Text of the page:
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Internal Medicine

Training Level

Resident PGY 1


Henry Ford Hospital


Objectives: Diagnose pyeloduodenal fistulaManage pyeloduodenal fistulaCase: 85-year-old male with a history of bladder cancer status post tumor resection and left ureteral stent placement presented with right flank pain, hematuria, and CVA tenderness on physical exam. UA was consistent with urinary tract infection, CT abdomen pelvis showed gas and fluid in the dilated right renal pelvis and collecting system. Cystoscopy with bilateral retrograde pyelogram was performed, but urologists were unable to place right stent due to stricture and unable to remove left stent. Bilateral nephrostomy tubes were placed, but a fistulous connection was noted between the right collecting system and the duodenum. Upper GI and small bowel follow-through showed opacification of the right intrarenal collecting system, consistent with a fistula between the duodenum and the right renal collecting system. EGD showed an ulcer in the duodenum with a small central fistula, correlating with the known pyeloduodenal fistula. This was treated with argon plasma coagulation and closed using the "Tulip Bundle" method of placing hemoclips around the margin and closure with an endoloop around the clips. Discussion: A pyeloduodenal fistula is a rare but serious condition, generally associated with chronic inflammatory renal diseases or trauma.The posterior aspect of the second portion of the duodenum lies in proximity to the medial portion of the kidney and renal pelvis. When perirenal inflammation takes place, this portion of the duodenum is more easily involved. Pyeloenteric fistulas may be classified as traumatic or spontaneous, which constitute the majority of cases. Malignant etiologies include urothelial carcinoma, renal transitional cell carcinoma and nephrolithiasis-related squamous cell carcinoma and adenocarcinoma. Diagnosis of pyeloduodenal fistula requires imaging studies of the urinary system. Retrograde pyelography is the method of choice which demonstrates the fistula in 64% of cases. Intravenous urography can be used only in functioning kidneys, and CT often shows fistula. Other imaging modalities include antegrade pyelography, EGD and upper GI studies.Nephrectomy and primary closure of the duodenum are traditional treatment methods. Small sized fistula and accessible location by EGD may be favorable features for nonsurgical treatment. Nonsurgical management includes intravenous antibiotics, relieving obstruction by employing nephrostomy, or internal ureteric stents. A new method of treatment is endoscopic ligation, as was seen in this case. Conclusion: Retrograde pyelography is the study of choice for diagnosing pyeloduodenal fistula in a functioning kidney. EGD can be used both for diagnosis and intervention. Conservative management with antibiotics and stent placement may be possible with small fistulas. Endoscopic intervention by an advanced GI team can be done to avoid extensive surgical intervention.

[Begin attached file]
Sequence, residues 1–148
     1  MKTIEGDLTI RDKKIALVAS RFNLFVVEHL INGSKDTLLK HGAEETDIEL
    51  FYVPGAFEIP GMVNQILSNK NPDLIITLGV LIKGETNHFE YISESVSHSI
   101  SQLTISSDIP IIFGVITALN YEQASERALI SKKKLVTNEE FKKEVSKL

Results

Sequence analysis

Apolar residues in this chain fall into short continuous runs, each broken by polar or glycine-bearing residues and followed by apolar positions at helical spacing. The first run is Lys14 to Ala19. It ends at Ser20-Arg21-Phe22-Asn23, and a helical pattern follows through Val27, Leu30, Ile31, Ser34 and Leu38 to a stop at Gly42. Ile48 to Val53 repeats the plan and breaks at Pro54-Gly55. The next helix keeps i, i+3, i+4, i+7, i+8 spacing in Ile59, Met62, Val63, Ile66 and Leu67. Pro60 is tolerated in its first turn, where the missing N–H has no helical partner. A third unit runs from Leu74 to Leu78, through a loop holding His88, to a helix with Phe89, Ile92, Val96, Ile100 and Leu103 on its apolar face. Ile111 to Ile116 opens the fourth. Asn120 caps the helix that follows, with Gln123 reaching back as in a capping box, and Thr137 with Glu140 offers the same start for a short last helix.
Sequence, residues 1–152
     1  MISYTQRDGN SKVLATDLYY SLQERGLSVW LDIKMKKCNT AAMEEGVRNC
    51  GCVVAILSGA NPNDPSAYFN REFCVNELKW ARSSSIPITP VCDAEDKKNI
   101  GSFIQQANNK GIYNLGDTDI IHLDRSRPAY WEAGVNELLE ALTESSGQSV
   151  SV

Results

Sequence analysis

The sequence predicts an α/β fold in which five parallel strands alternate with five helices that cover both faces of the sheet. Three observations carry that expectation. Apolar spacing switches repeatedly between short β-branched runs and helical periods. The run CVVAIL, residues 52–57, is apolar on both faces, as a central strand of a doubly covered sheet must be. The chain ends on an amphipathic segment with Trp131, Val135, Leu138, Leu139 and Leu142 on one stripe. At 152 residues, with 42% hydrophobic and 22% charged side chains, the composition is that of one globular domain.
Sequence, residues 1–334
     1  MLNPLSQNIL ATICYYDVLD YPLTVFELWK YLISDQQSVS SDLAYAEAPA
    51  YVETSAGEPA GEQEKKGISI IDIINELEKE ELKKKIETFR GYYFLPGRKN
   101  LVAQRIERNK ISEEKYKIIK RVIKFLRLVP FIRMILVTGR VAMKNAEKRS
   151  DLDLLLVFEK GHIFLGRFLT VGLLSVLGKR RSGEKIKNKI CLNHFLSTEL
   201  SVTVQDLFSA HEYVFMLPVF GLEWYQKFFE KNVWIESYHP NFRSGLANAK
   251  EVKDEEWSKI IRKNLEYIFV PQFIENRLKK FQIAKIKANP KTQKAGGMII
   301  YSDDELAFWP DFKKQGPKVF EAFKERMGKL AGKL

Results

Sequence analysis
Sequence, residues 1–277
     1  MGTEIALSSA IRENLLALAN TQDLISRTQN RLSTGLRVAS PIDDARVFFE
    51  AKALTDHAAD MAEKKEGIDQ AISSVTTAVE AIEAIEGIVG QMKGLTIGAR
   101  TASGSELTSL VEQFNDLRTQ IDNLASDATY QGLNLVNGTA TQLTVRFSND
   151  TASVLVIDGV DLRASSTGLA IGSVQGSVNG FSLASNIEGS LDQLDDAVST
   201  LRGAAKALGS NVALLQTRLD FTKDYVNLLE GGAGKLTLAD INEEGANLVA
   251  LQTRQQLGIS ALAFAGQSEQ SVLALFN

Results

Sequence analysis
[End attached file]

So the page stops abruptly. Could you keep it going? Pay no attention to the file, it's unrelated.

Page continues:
Presentation Date


Pyeloduodenal Fistula: A Rare Complication